The many seductive and lavish survey books on contemporary landscape architecture bear witness to its popularity, and browsing through these is to open a window into the prevailing trends. The extensive tomes 1000 X Landscape Architecture
(1,024 pages) and The Sourcebook of Contemporary Landscape Design
(600 pages), for example, exhaustively sample built landscapes and present them uncritically, as a form of ‘eye candy’ or perhaps twenty-first-century pattern books.10
The everyday landscape is also a barometer of contemporary values. In the popular media, in real-estate magazines, and mass market home and garden publications, landscape design has become a commodified realm, one of the main forms of conspicuous consumption. ‘Reality TV’ shows such as Extreme Makeover Home Edition
(USA), Backyard Blitz
(Australia) and Garden Wars
(New Zealand) reduce the designed landscape to little
more than instantaneous horizontal wallpaper. Gardens are designed and laid out in a matter of hours, rolled out by the square metre, with the expectation that enhancing the exterior décor of a home will either increase its value or provide an instant cure for whatever might be troubling the occupants. The economic value of well-designed gardens, as well as their healing properties, are inherent within landscape architecture, yet the theatrics of reality TV reduce all of this to superficial sensationalism.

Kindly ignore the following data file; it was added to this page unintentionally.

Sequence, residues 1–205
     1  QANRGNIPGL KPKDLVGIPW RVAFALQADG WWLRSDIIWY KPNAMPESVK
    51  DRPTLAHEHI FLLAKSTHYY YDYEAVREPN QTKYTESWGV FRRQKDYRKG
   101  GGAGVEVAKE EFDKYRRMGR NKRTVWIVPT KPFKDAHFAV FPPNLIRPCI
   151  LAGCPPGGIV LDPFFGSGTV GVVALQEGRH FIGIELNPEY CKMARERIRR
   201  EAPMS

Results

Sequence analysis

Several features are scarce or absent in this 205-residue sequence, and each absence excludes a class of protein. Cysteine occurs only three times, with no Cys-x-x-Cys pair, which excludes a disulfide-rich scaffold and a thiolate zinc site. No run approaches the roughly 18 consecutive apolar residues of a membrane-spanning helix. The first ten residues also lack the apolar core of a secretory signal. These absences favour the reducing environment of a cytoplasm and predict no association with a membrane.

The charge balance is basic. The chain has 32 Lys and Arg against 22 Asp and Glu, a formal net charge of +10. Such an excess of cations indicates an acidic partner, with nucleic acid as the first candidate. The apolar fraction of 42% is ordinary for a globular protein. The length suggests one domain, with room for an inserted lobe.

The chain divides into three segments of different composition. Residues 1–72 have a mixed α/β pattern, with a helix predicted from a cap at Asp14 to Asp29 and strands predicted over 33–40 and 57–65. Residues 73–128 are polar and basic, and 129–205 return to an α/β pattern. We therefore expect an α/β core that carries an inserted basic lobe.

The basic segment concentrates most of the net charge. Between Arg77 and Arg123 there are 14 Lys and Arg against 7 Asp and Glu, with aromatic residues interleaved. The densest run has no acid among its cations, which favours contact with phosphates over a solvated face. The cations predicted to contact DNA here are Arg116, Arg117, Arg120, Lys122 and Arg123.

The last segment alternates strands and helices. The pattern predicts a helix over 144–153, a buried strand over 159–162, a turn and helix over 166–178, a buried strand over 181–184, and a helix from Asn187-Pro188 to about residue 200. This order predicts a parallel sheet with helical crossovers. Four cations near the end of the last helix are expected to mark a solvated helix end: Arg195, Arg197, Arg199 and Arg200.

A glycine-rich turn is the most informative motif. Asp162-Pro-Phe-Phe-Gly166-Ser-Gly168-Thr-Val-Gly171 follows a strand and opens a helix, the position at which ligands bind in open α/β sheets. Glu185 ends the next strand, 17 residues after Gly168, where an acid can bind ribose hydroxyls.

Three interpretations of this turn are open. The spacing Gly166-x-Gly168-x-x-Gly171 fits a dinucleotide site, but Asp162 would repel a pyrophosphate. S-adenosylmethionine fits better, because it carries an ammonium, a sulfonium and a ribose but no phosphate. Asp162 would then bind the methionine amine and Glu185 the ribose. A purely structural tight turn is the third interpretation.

In this context of reality TV, the emotional dimension of landscape, rather than possessing the subtle timbre of melancholy, becomes a melodramatic attempt to provoke extreme displays of overwhelment by the recipients of the garden makeover. Within the culture of spectatorship – the ‘society of the spectacle’ (Debord, 2014) – the voyeuristic observation of a stranger’s exhibition of emotion serves as entertainment, with a touch of schadenfreude
, the ‘pleasure of flinching’. The anaesthetising effect of reality TV detaches us from really feeling, and condemns us to wander in the ‘desert of the real’.11
Martin Jay warns that